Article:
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Democracy in China: ‘The struggle for Hong Kong,’ or ‘The Great Leap Sideways’

Hong-Kong-lawyers

The territory’s citizens must not give up demanding full democracy—for their sake and for China’s

Chinese officials have called it a “leap forward” for democracy in Hong Kong. Yet their announcement on August 31st of plans to allow, for the first time, every Hong Kong citizen to vote for the territory’s leader has met only anger and indifference. Joy was conspicuously Xi-tall-Jinping-HTabsent. This is not because Hong Kong’s citizens care little for the right to vote, but because China has made it abundantly clear that the next election for Hong Kong’s chief executive, due in 2017, will be rigged. The only candidates allowed to stand will be those approved by the Communist Party in Beijing, half a continent away.

“Xi Jinping, the party chief and president, had the opportunity to use Hong Kong as a test-bed for political change in China. Had he taken this opportunity, he might have gone down in history as a true reformer. Instead, he has squandered it.”

At its worst, this risks provoking a disaster which even China cannot want. Democrats are planning protests. It is unclear how many people will join in, but the fear is that the territory’s long history of peaceful campaigning for political reform will give way to skirmishes with police, mass arrests and possibly even intervention by the People’s Liberation Army. That would disrupt one of Asia’s wealthiest and most orderly economies, and set China against the West. But even if, as is likely, such a calamity is avoided, this leap sideways is a huge missed opportunity not just for Hong Kong but also for the mainland. A chance to experiment with the sort of local democracy that might have benefited all of China has been missed.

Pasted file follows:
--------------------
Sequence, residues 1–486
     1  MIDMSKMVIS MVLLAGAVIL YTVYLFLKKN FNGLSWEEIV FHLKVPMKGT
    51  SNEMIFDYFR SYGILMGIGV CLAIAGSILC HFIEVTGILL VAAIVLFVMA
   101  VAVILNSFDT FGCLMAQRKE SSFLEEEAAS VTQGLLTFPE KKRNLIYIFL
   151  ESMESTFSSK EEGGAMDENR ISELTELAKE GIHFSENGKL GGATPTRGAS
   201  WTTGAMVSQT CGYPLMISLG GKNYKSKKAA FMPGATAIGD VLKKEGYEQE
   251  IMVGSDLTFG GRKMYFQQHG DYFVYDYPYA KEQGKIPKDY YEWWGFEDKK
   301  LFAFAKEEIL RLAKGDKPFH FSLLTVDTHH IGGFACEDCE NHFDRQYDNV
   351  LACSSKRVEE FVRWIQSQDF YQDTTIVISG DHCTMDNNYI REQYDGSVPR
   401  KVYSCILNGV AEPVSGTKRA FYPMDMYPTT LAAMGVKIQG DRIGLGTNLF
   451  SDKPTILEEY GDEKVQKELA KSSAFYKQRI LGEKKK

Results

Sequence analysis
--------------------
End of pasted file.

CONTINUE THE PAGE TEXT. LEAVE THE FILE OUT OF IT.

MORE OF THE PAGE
One country, one-and-a-half systems

China’s announcement marks the end of an era. No longer is it possible to argue that the development of democracy in Hong Kong can forge ahead even in the absence of political reform in Beijing (see article). The arrangements, set out by China’s party-controlled parliament, the National People’s Congress, were needed because of a pledge to grant the territory a “high degree of autonomy” and eventually “universal suffrage” when it took over from Britain in 1997. To most people, that meant having the right to choose their leader themselves.

China has stuck to the letter of its promise, but not the spirit. In 2012 the chief executive was appointed by a 1,200-strong committee stacked with the party’s yes-men….(read more)

The Economist

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One Comment on “Democracy in China: ‘The struggle for Hong Kong,’ or ‘The Great Leap Sideways’”

  1. […] [Also see – Democracy in China: 'The struggle for Hong Kong,' or 'The Great Leap Sideways'] […]


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